I started this post a few days ago an then forgot about in my rush to write about other things. I was reminded of the article today as I read a Terrapass blog post on the apparently doom-bringing activity of cycling instead of driving. Karl Ulrich the UPenn professor that helped spawn the idea of Terrapass analyzed the potential carbon reduction factors of switching from transport by car to transport by bike. Seems that a deeper lifecycle analysis of the activity indicates that the increase in both food consumption (and all the energy that goes into food transportation) and life expectancy offsets (pardon the pun) the first order benefits of producing less carbon through cycling for transportation. I'll not rehash the entire post, go ahead ad read it and make your own opinions out of it. Seems the best we can do is go live in a cave a forage for food or just remove ourselves from the biosphere.
In any case, the article I saw in the NYTimes, Carbon-Neutral Is Hip, but Is It Green? , is what i wanted to mention. I love the graphic that accompanies the piece and the author goes on with a healthy bit of skepticism about carbon offsets. Here' a brief excerpt to whet your appetite:
But is the carbon-neutral movement just a gimmick?The analogy between pre-Reformation Catholic Church indulgences and carbon offsets is right on. Though offsets are not the "silver bullet" everyone would like to see come along to solve all of our problems, it is on the right path. I see the good offset programs outliving the poorly run ones and the outright dishonest ones and flourishing in the long run. Of course, if this happens along with source reduction, we'll all be better off.
On this, environmentalists aren’t neutral, and they don’t agree. Some believe it helps build support, but others argue that these purchases don’t accomplish anything meaningful — other than giving someone a slightly better feeling (or greener reputation) after buying a 6,000-square-foot house or passing the million-mile mark in a frequent-flier program. In fact, to many environmentalists, the carbon-neutral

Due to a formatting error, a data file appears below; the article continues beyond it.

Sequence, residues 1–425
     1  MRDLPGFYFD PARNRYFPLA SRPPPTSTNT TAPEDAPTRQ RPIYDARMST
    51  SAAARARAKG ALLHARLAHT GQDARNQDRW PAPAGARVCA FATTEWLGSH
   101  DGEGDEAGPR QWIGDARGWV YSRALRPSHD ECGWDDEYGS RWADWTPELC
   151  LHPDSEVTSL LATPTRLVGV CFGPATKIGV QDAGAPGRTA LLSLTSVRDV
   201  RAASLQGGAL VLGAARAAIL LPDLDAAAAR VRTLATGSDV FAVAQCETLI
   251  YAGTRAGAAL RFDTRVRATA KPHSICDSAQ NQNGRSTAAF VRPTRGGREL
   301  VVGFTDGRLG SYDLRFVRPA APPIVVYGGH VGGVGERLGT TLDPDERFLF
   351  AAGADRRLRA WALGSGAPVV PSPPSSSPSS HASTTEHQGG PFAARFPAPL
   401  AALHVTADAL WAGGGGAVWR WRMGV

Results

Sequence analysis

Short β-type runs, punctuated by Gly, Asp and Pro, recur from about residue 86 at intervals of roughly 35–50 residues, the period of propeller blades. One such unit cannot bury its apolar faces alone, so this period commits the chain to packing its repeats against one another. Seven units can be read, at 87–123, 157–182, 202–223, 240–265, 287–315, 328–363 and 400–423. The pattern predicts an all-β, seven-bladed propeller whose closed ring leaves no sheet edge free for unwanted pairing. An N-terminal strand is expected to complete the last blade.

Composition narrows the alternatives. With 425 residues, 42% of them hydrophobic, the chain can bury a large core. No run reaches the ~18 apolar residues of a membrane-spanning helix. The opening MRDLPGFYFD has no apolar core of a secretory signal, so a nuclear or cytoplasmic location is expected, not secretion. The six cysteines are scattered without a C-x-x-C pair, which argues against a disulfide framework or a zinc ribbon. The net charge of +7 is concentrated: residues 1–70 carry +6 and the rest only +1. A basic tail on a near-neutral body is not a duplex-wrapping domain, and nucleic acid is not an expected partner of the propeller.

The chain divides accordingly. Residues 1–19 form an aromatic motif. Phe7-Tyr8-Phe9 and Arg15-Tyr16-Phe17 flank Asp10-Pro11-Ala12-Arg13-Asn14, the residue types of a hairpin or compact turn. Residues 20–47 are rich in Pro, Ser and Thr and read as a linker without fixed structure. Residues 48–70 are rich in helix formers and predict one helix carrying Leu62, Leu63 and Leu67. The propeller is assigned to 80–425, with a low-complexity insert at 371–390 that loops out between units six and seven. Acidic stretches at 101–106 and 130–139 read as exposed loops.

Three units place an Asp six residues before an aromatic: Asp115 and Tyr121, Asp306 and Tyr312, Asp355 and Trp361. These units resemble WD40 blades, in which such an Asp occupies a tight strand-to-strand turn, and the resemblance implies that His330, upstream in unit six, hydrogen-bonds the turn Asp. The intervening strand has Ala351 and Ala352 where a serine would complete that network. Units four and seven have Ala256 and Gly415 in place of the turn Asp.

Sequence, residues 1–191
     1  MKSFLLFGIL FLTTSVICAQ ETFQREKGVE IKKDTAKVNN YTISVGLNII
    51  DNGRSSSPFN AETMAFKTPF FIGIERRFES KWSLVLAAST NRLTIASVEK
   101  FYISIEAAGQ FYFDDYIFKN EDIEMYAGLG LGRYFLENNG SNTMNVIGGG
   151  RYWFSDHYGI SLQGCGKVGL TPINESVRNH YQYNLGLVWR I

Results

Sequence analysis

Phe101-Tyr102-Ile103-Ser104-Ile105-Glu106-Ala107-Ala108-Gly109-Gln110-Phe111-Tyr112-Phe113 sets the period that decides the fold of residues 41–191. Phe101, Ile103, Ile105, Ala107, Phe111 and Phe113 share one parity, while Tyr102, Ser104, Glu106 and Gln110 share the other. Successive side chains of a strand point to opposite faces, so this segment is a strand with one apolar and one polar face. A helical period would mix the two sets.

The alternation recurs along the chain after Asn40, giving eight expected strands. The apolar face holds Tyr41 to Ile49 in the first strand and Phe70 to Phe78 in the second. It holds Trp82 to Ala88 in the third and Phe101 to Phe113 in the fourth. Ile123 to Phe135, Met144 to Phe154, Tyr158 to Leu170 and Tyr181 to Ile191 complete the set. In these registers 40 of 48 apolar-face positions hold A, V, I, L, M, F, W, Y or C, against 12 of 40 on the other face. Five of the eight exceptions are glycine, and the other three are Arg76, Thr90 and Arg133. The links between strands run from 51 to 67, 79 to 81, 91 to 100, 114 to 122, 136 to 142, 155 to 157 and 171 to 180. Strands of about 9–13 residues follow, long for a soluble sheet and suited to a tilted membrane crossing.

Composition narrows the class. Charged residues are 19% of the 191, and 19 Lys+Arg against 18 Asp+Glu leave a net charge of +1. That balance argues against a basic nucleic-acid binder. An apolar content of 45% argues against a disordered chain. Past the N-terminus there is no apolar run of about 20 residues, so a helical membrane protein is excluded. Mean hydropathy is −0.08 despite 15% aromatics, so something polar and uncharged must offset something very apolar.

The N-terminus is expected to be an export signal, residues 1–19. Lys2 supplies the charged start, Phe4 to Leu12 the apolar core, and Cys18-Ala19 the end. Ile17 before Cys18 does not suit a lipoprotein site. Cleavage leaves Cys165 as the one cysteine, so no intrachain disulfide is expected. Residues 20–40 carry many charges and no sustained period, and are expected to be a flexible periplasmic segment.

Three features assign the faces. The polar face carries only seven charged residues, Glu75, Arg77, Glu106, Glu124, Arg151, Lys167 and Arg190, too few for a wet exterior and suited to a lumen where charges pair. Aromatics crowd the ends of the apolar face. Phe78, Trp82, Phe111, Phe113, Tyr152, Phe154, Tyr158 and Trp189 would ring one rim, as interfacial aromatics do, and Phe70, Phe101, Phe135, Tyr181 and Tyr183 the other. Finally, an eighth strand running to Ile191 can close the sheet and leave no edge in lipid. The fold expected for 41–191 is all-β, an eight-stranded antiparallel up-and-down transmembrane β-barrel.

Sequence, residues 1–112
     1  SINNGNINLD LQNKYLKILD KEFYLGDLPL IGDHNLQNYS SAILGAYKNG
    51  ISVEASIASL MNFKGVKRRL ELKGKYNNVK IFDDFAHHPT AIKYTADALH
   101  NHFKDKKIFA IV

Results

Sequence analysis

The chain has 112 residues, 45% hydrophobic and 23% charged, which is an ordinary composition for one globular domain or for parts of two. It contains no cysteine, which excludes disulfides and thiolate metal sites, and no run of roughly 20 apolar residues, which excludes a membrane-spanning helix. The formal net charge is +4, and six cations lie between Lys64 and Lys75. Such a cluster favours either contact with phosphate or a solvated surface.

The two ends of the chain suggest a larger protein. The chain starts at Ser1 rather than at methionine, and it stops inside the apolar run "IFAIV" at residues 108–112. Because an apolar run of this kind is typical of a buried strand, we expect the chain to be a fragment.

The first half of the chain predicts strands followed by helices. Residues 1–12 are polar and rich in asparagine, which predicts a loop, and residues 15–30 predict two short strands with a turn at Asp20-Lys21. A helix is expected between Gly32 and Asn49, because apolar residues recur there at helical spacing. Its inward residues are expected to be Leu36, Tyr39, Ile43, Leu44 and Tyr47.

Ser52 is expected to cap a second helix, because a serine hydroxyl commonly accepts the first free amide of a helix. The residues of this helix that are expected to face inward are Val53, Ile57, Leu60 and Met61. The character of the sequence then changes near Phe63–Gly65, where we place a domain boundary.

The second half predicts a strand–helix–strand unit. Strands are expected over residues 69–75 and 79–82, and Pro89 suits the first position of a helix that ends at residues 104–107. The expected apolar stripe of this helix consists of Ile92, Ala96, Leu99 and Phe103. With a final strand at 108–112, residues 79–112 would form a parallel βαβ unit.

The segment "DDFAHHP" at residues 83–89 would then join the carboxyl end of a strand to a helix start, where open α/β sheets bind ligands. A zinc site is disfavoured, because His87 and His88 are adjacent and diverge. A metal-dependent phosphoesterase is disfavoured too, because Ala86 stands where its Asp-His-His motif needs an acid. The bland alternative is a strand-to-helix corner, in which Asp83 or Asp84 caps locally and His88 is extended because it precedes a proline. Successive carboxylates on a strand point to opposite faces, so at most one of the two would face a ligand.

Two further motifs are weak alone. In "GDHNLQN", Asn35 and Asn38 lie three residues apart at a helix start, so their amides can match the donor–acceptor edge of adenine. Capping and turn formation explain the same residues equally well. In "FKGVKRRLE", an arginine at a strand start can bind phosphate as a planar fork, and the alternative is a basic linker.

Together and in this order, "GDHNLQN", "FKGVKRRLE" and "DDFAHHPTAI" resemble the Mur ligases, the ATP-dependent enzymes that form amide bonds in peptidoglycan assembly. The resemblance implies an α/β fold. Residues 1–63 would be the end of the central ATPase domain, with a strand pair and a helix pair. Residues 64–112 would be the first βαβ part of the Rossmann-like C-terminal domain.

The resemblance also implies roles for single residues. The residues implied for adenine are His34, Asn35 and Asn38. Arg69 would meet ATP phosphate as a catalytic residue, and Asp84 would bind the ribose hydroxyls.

campaign is a sign of the times — easy on the sacrifice and big on the consumerism.
As long as the use of fossil fuels keeps climbing — which is happening relentlessly around the world — the emission of greenhouse gases will keep rising. The average American, by several estimates, generates more than 20 tons of carbon dioxide or related gases a year; the average resident of the planet about 4.5 tons.
At this rate, environmentalists say, buying someone else’s squelched emissions is all but insignificant.
“The worst of the carbon-offset programs resemble the Catholic Church’s sale of indulgences back before the Reformation,” said Denis Hayes, the president of the Bullitt Foundation, an environmental grant-making group. “Instead of reducing their carbon footprints, people take private jets and stretch limos, and then think they can buy an indulgence to forgive their sins.”
“This whole game is badly in need of a modern Martin Luther,” Mr. Hayes added.